SAN RAMON, Calif. — It's lunch hour, and the gymnasium-size room for stair-climbers at the 24 Hour Fitness Worldwide Inc. club here is packed. Lined up in several rows like a marching band, about 60 patrons furiously climb up and down on machines that take them nowhere, their eyes staring at big-screen TVs hung from the ceiling.
Looking on is Mark Mastrov, who wouldn't be mistaken for one of 24 Hour Fitness' personal trainers. Carrying an average build on his 6-foot frame and dressed in a nondescript brown suit, the clean-cut Mastrov looks like an accountant who walked through the wrong door.
But Mastrov, 45, is founder, chairman and chief executive of 24 Hour Fitness, and he likes what he sees -- lots of sweaty dues-paying bodies. Mastrov has more of them than just about anyone, thanks to a steady expansion that has nearly doubled the chain's size in the last six years.
24 Hour Fitness, with headquarters a few blocks from the San Ramon club, claims it's now the nation's largest fitness chain in terms of annual revenue, which will hit $1.15 billion this year. Because it's privately owned, 24 Hour Fitness' financial details aren't made public. Close behind is Bally Total Fitness Holding Corp., which is publicly held and had $968 million in revenue last year.
Mastrov's chain -- which he started 20 years ago with a $15,000 loan from his grandmother -- also is one of the largest private companies based in California in terms of revenue. It has 3 million members and 23,000 employees at 330 clubs in 16 states, including 155 in California, and in Asia and Germany.
24 Hour Fitness pumped up with a formula that includes spacious clubs, lots of gear, good service, affordable prices and ease of use. More than 80% of its clubs are open all the time.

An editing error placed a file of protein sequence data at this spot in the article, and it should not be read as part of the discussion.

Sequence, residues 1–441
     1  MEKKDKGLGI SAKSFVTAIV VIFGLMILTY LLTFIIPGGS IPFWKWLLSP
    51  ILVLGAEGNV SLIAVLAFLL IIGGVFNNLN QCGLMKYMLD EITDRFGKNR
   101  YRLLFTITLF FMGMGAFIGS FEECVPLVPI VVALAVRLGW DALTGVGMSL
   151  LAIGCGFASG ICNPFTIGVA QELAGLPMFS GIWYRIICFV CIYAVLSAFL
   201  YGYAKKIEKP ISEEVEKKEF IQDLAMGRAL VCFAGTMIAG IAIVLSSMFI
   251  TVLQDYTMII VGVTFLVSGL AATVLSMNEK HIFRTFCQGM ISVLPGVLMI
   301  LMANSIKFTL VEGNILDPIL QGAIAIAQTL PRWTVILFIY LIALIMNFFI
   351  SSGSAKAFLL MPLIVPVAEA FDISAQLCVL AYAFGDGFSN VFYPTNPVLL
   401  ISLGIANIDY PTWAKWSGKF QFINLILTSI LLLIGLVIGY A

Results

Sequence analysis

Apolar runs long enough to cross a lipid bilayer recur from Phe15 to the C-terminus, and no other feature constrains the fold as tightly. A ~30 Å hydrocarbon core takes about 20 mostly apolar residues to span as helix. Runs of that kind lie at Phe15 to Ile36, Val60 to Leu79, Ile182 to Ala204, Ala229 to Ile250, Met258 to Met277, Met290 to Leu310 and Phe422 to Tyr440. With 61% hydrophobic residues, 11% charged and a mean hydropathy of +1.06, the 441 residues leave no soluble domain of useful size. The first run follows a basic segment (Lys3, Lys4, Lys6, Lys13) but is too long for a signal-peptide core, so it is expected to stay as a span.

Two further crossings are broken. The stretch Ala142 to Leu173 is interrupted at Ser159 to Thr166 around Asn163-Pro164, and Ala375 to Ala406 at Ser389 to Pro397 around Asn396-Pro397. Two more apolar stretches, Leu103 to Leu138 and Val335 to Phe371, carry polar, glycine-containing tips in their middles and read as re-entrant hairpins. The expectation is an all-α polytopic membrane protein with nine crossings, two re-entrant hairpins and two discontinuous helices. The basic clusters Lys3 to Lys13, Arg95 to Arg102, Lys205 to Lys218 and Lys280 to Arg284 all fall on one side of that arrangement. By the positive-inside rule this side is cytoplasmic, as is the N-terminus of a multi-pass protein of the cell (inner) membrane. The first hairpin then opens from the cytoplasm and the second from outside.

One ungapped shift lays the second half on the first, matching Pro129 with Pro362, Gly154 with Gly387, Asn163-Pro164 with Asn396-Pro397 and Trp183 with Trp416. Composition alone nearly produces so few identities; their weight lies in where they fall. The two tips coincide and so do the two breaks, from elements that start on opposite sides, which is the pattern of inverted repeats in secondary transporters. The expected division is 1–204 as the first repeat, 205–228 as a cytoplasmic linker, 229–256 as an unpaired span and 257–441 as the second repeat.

Most importantly, 24 Hour Fitness and the rest of the $13-billion fitness club industry dovetail with the nation's growing concern about rising obesity rates and Americans' lack of exercise. Last year, U.S. membership in fitness clubs climbed 7.5%, to a record 36.3 million people, according to the International Health, Racquet & Sportsclub Assn., the industry's trade group.
24 Hour Fitness sees itself as best at exploiting the trend. Mastrov pitches health, not vanity, to garner more customers.
"It's not all about hard bodies," he said in an interview. "It's about just getting some movement in the body and committing to it. We really focus on what it feels like to be in good shape."
Mastrov uses himself as Exhibit A. He works out several times a week, but doesn't have rippling biceps. He weighs about 180 pounds, and says he's bulged to as much as 210.
"I can't look like someone with 5% body fat, a Brad Pitt-style person, it's not possible," he said. "But I've got my target heart rate. I'm in good enough shape that I can eat what I want when I want."
To be sure, that's a refrain heard from nearly every company involved with fitness clubs, exercise equipment and even diet pills peddled on infomercials. But Bob Hellman, one of 24 Hour Fitness' directors, said the chain's growing size validates Mastrov's ability to ride "the movement of health and wellness in this country."
"The company is focused on making fitness part of people's lives, and its financial success has been an outcome of that," said Hellman, who is also managing director of investment firm McCown DeLeeuw & Co. in Menlo Park, Calif. The firm has invested nearly $150 million in 24 Hour Fitness over the last decade to help finance its expansion and owns about 35% of the company.
Tempering the fitness trend is the weak U.S. economy and consumers' cautious spending. Mastrov asserted that 24 Hour Fitness is "recession-resistant," in large part because the chain does not require a long-term financial commitment, but rather lets members pay month-to-month.
"Working out for $30 a month is not something you're going to give up because you feel the economy is tightening," he said.
Analysts aren't so sure. "There's no question that industry revenue growth has slowed" this year because of the sluggish economy, said Burke Koonce, who covers the fitness industry for Merrill Lynch & Co.
That not only makes it tougher to sign new members, but also exacerbates the industry's constant struggle with retention. 24 Hour Fitness, for instance, loses 2% to 3% of its members each month because they move, change clubs, stop exercising or don't want to spend the money.
Nonetheless, Mastrov is pressing ahead with plans to keep buffing up his chain.
"I think we can have 10% to 15% unit growth.... We can probably add 30 to 40 stores a year," he said.
"The United States is still heavily under-clubbed," Mastrov added. Nationwide "only 13% of the population exercises regularly ... 87% of the people aren't even touching us," he said.
Analysts agree that, despite the economy, the potential market remains huge.